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Psychic For Radio - Standing Wave CD (album) cover


Psychic For Radio


Crossover Prog

3.44 | 14 ratings

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Prog Metal and Heavy Prog Teams
3 stars Pretty much the definition of crossover prog

And what that means is: a "pool" of influences coming from all around the progressive rock spectrum with a considerable touch of popular music, and not necessarily bad, simply ear-pleasing music.

Shawn Gordon of Progrock Records blends in his first album sounds also from blues, classic rock, jazz and "Standing Wave" results in sounding like a compilation of different ideas composed over time rather than through a cohesive effort with a single mindset; this was my initial impression which was subsequently confirmed with further spins.

The new wave of symphonic/crossover prog rock part is the one that dominates the album, and this is explicitly shown in the opening "On my Own" (could have been a Spock's Beard/Neil Morse track) with the intricate drumming by the master Mark Zonder. Similar, though "mellower" numbers are "Shed my Skin" and "Blacken what is Grey" (nice piano) that follow this light symphonic prog mentality. Of these "Shed my Skin" is possibly the best in terms of composition as its being worked in such a way that builds up to a strong refrain melody with punchy bass lines. The album also touches on heavy rock/progressive metal with the numbers "Euthymal" (possibly the weakest track with uninspiring vocal lines) and "Blood", which reminds me of Jorn Lande and his more metallic works with Ark. In both tracks, the drumming preserves the prog character of the more-or-less standard heavy rock riffs. "She Knows" is a tribute to Genesis, based on dreamy, layered, earthy acoustic guitars and vocal lines coming out of 70's Genesis - unfortunately the weak refrain takes away the beauty of this track, even though the piano/flute interlude restores the balance midway.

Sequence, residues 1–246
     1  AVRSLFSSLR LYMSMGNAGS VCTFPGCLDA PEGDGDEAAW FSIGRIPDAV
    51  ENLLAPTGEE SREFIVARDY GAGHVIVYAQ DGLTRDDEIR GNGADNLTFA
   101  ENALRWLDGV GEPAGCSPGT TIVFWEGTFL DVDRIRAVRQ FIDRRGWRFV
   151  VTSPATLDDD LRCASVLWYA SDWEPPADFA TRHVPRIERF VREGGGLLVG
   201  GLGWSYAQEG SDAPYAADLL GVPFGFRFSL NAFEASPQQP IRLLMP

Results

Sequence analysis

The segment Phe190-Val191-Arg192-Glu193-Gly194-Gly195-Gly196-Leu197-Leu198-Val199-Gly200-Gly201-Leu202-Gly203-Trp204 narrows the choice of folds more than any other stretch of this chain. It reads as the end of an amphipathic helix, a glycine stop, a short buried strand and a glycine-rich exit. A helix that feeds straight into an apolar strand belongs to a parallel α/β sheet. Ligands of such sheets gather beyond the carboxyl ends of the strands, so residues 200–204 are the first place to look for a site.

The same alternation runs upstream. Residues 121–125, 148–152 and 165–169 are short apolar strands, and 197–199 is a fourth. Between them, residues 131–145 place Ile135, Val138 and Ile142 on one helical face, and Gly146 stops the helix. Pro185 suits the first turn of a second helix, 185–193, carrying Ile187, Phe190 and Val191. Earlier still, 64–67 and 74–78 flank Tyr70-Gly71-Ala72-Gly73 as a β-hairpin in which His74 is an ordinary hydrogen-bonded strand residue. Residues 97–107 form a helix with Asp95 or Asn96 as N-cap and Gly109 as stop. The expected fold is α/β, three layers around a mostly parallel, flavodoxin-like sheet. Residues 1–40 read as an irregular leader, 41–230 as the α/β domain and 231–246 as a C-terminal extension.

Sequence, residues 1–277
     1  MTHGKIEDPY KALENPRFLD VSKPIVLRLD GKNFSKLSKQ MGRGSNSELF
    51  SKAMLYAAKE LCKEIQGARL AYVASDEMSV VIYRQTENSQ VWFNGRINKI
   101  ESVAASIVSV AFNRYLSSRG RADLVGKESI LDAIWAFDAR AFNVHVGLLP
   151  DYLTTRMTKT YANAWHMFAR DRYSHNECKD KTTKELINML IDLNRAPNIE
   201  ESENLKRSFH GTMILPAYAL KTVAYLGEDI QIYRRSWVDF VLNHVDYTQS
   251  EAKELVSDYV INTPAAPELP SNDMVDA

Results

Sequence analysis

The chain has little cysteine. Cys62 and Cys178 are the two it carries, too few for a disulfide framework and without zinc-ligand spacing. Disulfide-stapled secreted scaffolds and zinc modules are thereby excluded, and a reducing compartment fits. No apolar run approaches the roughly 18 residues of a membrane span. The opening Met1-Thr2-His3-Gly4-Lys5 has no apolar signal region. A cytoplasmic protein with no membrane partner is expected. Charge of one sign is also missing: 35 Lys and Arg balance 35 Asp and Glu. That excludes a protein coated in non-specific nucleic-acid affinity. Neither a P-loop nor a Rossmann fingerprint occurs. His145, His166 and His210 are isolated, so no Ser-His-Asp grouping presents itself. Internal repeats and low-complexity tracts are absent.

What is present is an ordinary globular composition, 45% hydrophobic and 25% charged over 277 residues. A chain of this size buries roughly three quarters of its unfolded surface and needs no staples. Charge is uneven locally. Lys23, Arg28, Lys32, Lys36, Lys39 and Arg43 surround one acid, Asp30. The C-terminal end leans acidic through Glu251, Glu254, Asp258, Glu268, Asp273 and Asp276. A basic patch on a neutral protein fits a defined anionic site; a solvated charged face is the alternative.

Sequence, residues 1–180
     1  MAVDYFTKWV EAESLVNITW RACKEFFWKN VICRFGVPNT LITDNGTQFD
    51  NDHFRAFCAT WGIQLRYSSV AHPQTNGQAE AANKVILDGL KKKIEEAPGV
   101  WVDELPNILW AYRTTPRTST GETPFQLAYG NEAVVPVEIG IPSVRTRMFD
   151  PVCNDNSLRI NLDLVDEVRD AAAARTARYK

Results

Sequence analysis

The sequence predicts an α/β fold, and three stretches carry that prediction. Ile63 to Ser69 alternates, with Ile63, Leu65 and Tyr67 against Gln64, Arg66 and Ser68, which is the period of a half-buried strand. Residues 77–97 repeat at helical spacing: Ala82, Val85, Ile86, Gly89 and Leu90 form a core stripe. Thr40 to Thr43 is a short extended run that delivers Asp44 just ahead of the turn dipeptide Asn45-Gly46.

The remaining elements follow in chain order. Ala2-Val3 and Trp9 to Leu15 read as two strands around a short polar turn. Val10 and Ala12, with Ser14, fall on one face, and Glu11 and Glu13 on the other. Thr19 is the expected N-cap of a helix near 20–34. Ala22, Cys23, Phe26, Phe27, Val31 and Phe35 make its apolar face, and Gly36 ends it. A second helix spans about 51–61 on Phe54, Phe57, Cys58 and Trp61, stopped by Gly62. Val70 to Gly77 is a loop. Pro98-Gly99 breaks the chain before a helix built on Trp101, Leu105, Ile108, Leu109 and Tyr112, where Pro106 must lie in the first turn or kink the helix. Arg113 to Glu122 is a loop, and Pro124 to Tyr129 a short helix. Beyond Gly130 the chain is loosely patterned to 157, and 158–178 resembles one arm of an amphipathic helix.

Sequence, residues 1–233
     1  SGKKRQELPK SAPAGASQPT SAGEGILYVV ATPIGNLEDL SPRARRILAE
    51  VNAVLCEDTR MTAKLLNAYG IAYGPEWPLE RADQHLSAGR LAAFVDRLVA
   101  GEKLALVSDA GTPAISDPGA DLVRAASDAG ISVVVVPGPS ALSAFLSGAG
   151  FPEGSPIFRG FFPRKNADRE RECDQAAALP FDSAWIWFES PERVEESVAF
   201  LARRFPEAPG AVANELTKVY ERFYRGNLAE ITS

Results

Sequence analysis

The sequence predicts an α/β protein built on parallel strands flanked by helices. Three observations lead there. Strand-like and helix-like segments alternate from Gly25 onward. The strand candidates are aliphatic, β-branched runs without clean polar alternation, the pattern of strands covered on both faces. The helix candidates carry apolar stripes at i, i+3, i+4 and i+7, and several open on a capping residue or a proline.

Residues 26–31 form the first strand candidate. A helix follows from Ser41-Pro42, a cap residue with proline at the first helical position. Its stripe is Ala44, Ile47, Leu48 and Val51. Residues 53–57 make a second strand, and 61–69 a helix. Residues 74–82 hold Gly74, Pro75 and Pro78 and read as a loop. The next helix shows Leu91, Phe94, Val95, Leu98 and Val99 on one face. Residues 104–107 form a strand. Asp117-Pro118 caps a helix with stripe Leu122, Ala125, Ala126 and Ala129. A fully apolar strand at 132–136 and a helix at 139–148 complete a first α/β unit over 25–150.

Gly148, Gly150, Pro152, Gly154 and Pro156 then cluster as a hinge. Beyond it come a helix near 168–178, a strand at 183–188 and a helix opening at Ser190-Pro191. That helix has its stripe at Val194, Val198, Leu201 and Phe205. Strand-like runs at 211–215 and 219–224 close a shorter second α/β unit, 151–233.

We're not over yet: "Pushing the One" is a top-class jazzy/funky instrumental with the saxophone allowed to improvise all the way through, the rhythm guitars playing on a "muted" distortion and the soloing coming in melodic when needed to balance the virtuosity with the emotion. "Once Begun" reminds me the melodies of the American prog metal band Black Symphony; four minutes purely based on a piano melody and strong nostalgic vocal melodies. Alice Cooper's "School's Out" cover does not add much to the package, but towards the end the female vocals give yet again a different dimension. "Get me out of Here" is an aggressive (yet acoustic-based guitar) tune led by emotional female vocals and incorporating elements from blues rock, country music and funk (Santana anyone?). The album ends with a rather lengthy prog-ballad in the same vein of female-fronted modern prog music (Karnataka etc.) but does not add this bit of extra magic required.

I felt that this is nowhere near a "Standing" Wave as the album floats from side to side, from mellow to heavy, up and down, good to mediocre and ends up in a mixed bag. Although the end result is quite "easy" to digest, it maintains its prog character. With a stricter selection of tracks, this could have been even better, but still as it is it deserves 3-3.5 stars. For those enjoying a variety of moods in a single album, this might be for you, hoping that this was not a "one-off".

Best moments: Shed my Skin, Pushing the One, Once Begun

aapatsos | 3/5 |


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